Nate Zoebl

Super Reviewer

Okay. I liked bits of it. Other bits not so much.

Nicki Marie
Nicki Marie

Super Reviewer

Defying expectations with an atypical hitman thriller, Lynne Ramsay creates a surprising character study that benefits from an exceptional performance by Joaquin Phoenix. Full review on filmotrope. com

Carlos Magalhães
Carlos Magalhães

Super Reviewer


Normally when I feel like recommending a movie to someone, it's due to the fact that I feel it will either appeal to a specific audience or just please everyone on a board scale. Quite honestly, although I'll be praising this film as I go along, I'm not quite sure who the audience will be for this movie. You Were Never Really Here is based on the novel of the same name and while I haven't read it, I believe this film is a nice representation of it, as it's simply a great film overall. Yes, the imagery is bizarre and the performances throughout the film may seem a little too realistic that they become off-putting, but these are all things that I found to be fascinating about it. If you're up to the task of watching a movie like this, here's why I think it's terrific. You Were Never Really Here follows a man in Joe (Joaquin Phoenix) as he is both haunted by his past and trying to straighten out his current life. Tasked with a job of looking for missing girls and taking down anyone in his path, this brings up memories that he's not too fond of. Told in a linear manner while also flashing back through weird visuals or direct scenes, this is a film that asks you to be entranced by it from start to finish. If you think imagery is just imagery when it comes to a director trying to express certain emotions through the camera, rather than dialogue, then this movie definitely isn't for you. Joaquin Phoenix is magnificent as Joe and quite frankly probably the best I've seen from him in years. From his subtle facial expression when a scene with his mother is taking place, to the very notion that he truly cares about everyone in his life, no matter how evil he may seem at times, Phoenix was able to present many emotions throughout the course of this movie. Not that I related to this character, but his thoughts on just wanting to do the right thing felt very relatable for many viewers to attach themselves to. From its visuals to its performances, I was blown away by this film, but this is where I draw the line of possible issues. You Were Never Really Here is the sort of film that gives you many amazing things, but also showcases a few too many depressing sequences and the visual storytelling gives you everything you need upon first viewing, at least in my opinion. This is a must watch movie in my eyes, but I can't see myself ever needing to revisit it. I also appreciate a film that's well-shot and well-edited, which is exactly what is provided throughout this movie, so that was an added bonus that had me applauding every few minutes. In the end, You Were Never Really Here is a fantastic piece of independent cinema and the perfect example of a movie that not enough people can get into or even come across, due to the overabundance of blockbusters in theatres these days. Whether or not you have read the source material that this film is based on, I highly recommend checking out this film if you can stomach a few brutal images, some very sad representations of the real world, and a huge wake up call throughout the final act that brought me to tears. You Were Never Really Here isn't for you unless you're into auteurist filmmaking like I am at times, but it's a great story to invest yourself in regardless, which is why when considering everyone,I think I nearly loved this movie.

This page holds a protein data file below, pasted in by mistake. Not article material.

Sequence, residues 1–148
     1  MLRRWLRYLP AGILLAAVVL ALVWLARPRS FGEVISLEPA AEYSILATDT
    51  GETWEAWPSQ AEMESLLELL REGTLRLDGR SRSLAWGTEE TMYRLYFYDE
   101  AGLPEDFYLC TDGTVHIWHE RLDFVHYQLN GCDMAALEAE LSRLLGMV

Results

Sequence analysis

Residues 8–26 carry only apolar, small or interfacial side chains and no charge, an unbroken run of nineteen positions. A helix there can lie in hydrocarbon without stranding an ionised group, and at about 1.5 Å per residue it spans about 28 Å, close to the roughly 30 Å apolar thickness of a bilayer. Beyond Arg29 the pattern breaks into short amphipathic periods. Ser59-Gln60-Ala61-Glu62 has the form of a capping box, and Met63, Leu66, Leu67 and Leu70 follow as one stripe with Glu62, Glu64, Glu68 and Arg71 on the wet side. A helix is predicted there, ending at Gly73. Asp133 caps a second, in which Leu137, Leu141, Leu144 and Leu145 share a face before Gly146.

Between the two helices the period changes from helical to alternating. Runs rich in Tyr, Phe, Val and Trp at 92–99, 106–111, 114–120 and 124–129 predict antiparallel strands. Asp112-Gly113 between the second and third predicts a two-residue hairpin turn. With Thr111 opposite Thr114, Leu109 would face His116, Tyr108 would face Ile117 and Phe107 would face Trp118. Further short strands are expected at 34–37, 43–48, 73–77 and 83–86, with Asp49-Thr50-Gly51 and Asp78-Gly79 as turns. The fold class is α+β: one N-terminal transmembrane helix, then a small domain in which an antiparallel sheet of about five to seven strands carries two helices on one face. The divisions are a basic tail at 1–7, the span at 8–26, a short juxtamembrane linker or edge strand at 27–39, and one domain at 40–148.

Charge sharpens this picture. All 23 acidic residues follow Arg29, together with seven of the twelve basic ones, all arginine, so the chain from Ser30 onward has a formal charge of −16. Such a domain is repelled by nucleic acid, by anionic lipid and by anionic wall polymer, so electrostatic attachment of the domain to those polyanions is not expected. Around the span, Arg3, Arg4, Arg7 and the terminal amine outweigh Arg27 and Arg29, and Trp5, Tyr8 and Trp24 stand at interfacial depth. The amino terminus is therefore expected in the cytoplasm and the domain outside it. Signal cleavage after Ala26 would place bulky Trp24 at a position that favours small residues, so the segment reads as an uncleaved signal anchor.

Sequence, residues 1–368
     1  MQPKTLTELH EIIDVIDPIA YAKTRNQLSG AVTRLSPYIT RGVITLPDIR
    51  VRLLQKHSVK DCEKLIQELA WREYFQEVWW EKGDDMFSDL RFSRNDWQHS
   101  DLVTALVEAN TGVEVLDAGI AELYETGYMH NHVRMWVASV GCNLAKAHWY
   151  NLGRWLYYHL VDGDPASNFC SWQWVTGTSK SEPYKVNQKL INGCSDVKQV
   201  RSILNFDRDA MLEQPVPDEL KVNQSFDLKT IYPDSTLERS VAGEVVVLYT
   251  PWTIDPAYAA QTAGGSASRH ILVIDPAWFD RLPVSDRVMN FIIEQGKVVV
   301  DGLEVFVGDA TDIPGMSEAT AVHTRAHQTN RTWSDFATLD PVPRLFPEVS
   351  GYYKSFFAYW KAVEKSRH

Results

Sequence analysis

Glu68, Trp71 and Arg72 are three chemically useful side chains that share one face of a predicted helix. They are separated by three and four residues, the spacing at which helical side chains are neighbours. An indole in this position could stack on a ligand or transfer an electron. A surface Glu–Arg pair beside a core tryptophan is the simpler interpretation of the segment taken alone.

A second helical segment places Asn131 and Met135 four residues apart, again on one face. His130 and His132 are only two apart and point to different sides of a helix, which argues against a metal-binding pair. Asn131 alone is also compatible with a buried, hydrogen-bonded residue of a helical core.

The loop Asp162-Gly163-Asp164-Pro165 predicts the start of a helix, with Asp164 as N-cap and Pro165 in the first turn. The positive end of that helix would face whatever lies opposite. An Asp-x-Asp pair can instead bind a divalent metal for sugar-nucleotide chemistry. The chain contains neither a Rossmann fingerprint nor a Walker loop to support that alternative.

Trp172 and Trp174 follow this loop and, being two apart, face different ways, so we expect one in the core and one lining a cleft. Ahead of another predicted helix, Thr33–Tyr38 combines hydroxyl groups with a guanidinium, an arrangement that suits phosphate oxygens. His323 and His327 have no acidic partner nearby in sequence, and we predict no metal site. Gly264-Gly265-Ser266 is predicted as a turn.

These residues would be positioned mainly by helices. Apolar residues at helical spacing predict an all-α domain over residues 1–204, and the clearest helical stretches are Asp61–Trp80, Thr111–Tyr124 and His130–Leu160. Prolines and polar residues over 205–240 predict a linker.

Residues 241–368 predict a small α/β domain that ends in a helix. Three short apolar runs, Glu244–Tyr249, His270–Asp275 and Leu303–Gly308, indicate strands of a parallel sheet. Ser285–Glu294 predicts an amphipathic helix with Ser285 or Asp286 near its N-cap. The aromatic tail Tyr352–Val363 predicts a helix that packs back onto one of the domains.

KJ Proulx
KJ Proulx

Super Reviewer